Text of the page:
Brexit uncertainty could drag down growth prospects across Europe according to the World Bank, as it forecasts a sharp slowdown in UK growth this year.
UK GDP growth is predicted to fall from two per cent last year to 1.2 per cent in 2017, the World Bank’s twice-yearly Global Economic Prospects report has found.
In contrast, world economic growth will recover in 2017 to 2.7 per cent, after dipping to 2.3 per cent – the lowest point since the financial crisis – despite the increasing downside risks.
Uncertainty as the UK leaves the EU could impact European investment levels. This could then have an impact on emerging economies which source much of their financing from Western Europe, the report says.
Franziska Ohnsorge, lead economist at the World Bank and one of the report’s authors, said: “The UK itself is only a very close trading partner for a few countries but if uncertainty sets back the EU as a whole that would affect emerging markets.”
The World Bank, whose main function is to lend money for investment to developing nations, also raises big questions about global policy uncertainty surrounding the election of Donald Trump as US President.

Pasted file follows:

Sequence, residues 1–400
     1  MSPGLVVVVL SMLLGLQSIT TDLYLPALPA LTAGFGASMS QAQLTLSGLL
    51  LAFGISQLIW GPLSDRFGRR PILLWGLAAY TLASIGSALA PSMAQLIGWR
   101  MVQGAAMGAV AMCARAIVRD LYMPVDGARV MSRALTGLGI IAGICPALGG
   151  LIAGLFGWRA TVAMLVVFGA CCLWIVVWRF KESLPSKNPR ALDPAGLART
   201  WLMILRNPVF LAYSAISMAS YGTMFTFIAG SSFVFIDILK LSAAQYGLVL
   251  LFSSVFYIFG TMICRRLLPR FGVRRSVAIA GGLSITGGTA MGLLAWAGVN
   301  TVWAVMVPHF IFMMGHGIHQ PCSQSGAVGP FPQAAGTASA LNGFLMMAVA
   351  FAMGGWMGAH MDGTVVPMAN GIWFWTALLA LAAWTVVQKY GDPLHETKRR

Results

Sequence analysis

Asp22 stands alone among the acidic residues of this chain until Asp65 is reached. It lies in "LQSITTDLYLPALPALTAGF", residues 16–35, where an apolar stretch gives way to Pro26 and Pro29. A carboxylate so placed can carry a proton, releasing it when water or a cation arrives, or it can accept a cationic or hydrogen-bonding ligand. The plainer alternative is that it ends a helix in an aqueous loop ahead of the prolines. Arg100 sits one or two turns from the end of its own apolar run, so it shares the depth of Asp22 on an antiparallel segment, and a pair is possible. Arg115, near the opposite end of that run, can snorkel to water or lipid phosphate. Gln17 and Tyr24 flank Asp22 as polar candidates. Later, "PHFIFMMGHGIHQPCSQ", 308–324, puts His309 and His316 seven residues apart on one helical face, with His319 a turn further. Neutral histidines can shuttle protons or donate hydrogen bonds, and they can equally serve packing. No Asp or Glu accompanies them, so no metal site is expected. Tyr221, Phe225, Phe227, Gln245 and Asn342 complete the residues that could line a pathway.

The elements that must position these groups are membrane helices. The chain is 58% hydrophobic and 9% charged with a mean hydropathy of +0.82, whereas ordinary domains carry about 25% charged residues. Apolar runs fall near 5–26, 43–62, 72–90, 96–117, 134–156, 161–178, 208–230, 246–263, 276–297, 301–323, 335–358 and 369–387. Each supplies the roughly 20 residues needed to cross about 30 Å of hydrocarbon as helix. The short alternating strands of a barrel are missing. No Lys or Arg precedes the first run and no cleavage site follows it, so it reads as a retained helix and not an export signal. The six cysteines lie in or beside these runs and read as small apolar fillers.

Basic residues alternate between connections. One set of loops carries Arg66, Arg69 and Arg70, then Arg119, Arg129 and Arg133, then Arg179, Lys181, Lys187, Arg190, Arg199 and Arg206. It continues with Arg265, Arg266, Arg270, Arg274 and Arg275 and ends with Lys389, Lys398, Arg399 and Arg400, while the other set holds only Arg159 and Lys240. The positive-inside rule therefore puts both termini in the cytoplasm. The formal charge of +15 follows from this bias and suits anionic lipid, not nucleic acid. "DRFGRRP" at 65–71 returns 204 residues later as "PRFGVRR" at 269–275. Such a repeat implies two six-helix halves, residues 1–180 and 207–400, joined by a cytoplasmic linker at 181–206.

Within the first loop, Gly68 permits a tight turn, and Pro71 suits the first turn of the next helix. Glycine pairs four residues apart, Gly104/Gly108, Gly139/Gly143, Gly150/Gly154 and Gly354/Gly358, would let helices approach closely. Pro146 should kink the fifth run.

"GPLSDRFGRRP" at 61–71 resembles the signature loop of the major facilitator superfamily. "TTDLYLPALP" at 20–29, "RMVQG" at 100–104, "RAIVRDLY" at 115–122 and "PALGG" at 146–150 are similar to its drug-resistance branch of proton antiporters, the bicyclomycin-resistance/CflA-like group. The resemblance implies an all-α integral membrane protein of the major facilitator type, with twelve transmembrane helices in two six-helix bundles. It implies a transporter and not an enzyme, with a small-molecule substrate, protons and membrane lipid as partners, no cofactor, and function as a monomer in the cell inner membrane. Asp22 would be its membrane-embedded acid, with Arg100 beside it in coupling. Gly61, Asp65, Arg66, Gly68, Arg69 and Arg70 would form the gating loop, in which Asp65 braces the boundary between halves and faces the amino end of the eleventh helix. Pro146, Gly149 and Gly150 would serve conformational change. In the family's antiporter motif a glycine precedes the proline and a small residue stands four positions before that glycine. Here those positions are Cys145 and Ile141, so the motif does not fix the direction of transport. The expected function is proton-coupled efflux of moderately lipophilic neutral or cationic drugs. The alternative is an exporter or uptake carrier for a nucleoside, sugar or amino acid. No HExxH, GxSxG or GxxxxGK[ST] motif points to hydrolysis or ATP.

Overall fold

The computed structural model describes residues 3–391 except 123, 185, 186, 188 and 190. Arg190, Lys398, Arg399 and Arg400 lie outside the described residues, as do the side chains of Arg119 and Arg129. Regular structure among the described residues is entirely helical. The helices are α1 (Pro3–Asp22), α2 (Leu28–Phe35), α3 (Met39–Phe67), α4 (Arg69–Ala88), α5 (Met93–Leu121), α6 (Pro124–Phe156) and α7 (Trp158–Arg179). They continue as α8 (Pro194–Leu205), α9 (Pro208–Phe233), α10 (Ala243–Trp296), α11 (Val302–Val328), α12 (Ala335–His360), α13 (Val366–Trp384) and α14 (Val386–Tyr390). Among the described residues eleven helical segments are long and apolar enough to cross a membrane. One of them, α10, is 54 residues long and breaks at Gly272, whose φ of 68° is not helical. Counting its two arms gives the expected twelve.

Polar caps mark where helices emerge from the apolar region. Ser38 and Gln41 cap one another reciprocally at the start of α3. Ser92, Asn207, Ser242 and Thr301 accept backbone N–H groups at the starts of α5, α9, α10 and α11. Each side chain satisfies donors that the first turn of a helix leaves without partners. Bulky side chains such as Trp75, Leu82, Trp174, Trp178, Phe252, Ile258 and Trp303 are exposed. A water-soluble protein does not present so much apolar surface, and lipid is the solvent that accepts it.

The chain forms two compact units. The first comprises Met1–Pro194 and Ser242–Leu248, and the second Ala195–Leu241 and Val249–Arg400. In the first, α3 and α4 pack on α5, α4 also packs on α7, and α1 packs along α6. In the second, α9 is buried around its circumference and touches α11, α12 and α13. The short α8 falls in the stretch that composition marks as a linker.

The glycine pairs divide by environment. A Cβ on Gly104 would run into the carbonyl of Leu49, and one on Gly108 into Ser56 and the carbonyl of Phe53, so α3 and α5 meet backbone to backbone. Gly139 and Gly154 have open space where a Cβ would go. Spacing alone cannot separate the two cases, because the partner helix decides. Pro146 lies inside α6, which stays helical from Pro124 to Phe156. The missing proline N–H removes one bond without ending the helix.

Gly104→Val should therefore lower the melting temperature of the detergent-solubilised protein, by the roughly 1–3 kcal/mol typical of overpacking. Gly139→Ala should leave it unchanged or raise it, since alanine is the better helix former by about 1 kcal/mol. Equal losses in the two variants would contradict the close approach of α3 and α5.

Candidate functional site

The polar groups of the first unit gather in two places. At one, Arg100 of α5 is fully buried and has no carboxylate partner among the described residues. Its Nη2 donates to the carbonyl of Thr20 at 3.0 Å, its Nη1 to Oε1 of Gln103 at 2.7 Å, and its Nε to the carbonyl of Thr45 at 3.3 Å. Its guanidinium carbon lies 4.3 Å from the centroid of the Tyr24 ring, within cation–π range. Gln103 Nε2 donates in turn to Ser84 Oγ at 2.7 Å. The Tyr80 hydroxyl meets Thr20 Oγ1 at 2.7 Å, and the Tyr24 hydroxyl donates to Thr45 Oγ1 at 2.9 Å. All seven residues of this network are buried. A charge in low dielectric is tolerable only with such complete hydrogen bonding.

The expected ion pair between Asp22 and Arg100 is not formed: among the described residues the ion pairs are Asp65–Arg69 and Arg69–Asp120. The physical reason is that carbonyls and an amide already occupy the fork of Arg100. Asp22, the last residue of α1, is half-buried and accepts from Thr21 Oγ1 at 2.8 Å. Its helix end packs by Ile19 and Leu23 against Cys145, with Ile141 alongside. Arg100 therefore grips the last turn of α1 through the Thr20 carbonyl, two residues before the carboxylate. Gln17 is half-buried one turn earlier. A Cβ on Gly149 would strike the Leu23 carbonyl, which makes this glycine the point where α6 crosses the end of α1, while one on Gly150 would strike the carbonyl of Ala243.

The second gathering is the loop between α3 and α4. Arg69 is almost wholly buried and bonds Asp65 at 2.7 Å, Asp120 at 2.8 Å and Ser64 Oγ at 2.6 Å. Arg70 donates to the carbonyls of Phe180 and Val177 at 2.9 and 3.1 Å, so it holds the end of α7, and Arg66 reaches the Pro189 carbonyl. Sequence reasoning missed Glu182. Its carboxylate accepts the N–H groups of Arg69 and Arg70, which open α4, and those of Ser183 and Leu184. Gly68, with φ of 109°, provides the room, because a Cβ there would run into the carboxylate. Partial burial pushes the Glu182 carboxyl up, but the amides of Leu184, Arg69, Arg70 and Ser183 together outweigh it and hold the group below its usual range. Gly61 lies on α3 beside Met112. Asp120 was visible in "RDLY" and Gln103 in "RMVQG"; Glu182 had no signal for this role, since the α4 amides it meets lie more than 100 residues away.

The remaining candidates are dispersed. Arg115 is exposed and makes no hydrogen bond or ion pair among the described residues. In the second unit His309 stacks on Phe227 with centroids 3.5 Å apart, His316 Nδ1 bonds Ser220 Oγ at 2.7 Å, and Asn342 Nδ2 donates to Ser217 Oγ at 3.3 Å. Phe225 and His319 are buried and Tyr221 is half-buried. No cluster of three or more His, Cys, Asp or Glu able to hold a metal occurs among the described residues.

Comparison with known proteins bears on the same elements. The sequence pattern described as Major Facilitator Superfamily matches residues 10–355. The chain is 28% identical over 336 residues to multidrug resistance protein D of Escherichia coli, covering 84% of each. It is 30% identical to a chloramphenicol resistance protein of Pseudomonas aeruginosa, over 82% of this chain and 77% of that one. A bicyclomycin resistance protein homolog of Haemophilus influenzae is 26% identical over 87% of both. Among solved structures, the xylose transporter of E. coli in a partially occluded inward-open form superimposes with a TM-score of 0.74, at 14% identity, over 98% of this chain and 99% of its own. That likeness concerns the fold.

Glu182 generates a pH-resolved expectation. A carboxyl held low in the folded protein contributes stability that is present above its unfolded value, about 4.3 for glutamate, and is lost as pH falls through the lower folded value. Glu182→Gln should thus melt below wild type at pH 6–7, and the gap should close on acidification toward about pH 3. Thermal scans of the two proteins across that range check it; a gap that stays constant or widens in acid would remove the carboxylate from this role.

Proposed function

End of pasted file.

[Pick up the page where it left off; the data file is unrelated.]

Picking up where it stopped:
“Faster US growth is good for the world,” said Ohnsorge, with each one per cent increase in US GDP growth contributing 0.7 per cent to the global measure. Trump’s apparent desire for large fiscal stimulus could boost the world economy more than expected, but the World Bank has so far not incorporated potential fiscal policies into its forecasts.
However, the risks to growth remain more prominent on the downside, according to World Bank forecasts. The increased protectionism heralded by Trump could slow growth worldwide, the bank says.
The slowdown in Chinese growth is also set to impact global growth, as demand for raw materials begins to fall.
“Clearly the slowdown in China has already had an impact – particularly on commodity exporters,” said Ohnsorge.
Uncertainty on US economic policy could have a negative impact on investment in emerging markets of 0.5 percentage points within a year, according to the bank’s projections. This reflects a similar analysis of European uncertainty which showed a negative impact on Eastern European investment of up to 1.3 per cent, said Ohnsorge.
The report says: “Uncertainty around global growth projections for 2017 has increased, and the balance of risks remains tilted to the downside, amid unclear prospects for policy direction in major economies.”
The report also suggests advanced economies adopt “more supportive” fiscal policies to boost growth as interest rates remain low across the developed world, including the UK.
Global growth has struggled to shake off the effects of the financial crisis in 2009, when the economy shrank by 1.7 per cent.